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Fractal Image Compression. Fractal Image Compression. Is a lossy compression method developed in the late 80’s Is patented Compression ratios from 1:4 to 1:100 Compressing is slow. Decoding is fast. Decoding is resolution independent ( Resolution enhancements Zoom)

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fractal image compression1
Fractal Image Compression
  • Is a lossy compression method developed in the late 80’s
  • Is patented
  • Compression ratios from 1:4 to 1:100
  • Compressing is slow.
  • Decoding is fast.
  • Decoding is resolution independent (Resolution enhancements Zoom)
  • Best suited for images of natural scenes, such as mountains, trees, clouds etc.
  • Compresses colour images better than grey scale images.
  • It uses the same principles of iteration, and self similarity.
  • The fractal in fractal compression is a (Partitioned) Iterated Function System
  • IFS fractals are created by taking a simple object and  applying a series of transformations through a number of iterations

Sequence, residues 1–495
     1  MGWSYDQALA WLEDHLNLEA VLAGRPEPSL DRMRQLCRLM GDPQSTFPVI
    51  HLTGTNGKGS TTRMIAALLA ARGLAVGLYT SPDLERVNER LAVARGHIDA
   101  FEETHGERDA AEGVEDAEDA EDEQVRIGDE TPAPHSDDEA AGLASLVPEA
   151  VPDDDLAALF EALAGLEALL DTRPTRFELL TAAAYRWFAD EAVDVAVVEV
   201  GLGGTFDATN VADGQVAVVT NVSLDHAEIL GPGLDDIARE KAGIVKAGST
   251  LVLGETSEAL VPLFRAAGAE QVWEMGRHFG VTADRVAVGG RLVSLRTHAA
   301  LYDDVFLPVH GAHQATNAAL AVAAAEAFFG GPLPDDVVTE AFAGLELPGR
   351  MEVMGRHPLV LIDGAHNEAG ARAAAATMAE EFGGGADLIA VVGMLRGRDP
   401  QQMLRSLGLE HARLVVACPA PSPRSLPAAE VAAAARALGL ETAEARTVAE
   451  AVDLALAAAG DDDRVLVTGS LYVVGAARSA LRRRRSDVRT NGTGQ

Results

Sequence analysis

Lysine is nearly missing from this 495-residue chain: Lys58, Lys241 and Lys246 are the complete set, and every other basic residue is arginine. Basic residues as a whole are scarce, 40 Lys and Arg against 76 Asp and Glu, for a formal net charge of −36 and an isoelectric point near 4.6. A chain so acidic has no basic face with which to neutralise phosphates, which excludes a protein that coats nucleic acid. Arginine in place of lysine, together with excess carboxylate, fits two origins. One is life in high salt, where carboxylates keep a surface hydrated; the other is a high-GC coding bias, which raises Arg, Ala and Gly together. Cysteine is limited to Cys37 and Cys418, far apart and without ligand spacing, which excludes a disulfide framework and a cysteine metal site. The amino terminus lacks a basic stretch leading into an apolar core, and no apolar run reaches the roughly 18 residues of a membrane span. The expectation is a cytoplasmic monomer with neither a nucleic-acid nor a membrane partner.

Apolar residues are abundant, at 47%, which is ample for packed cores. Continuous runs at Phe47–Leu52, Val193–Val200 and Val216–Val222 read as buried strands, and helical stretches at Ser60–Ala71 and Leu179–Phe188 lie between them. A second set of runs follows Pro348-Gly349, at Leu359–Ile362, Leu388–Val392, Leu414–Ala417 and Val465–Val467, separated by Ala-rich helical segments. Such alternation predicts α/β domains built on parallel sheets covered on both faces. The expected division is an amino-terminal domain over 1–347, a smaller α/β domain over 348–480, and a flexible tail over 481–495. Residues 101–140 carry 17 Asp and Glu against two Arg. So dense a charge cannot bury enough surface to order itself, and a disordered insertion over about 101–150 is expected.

iterated function system
Iterated Function System
  • A set of linear functions (transformations) when applied to a starting point will generate a new point.
    • x1 = ax + by + e
    • y1 = cx + dy + f
  • When the transformations are repeated on the new points iteratively an image is generated.
  • Can produce complex images.
  • Instead of finding transformations that describe the whole picture, find transformations that only apply to portions of a picture
    • Partitioned Iterated Function Systems.
fractals in the real world
Fractals in the real-world
  • If you look at the texture of the floor of the room you are currently in, you will notice that there are many repeating patterns.
  • If you take a copy of a small part of the floor, you will find that there are many areas that are nearly identical to that copy.
  • And if you rotate it, scale it, mirror it, you will find that you can get even more areas to match.
  • If you now store the positions of the copy and the matching area of the floor, including the rotations etc you just made, you can create a mathematical representation of that part of the floor.
  • You can do this until you have described the entire floor.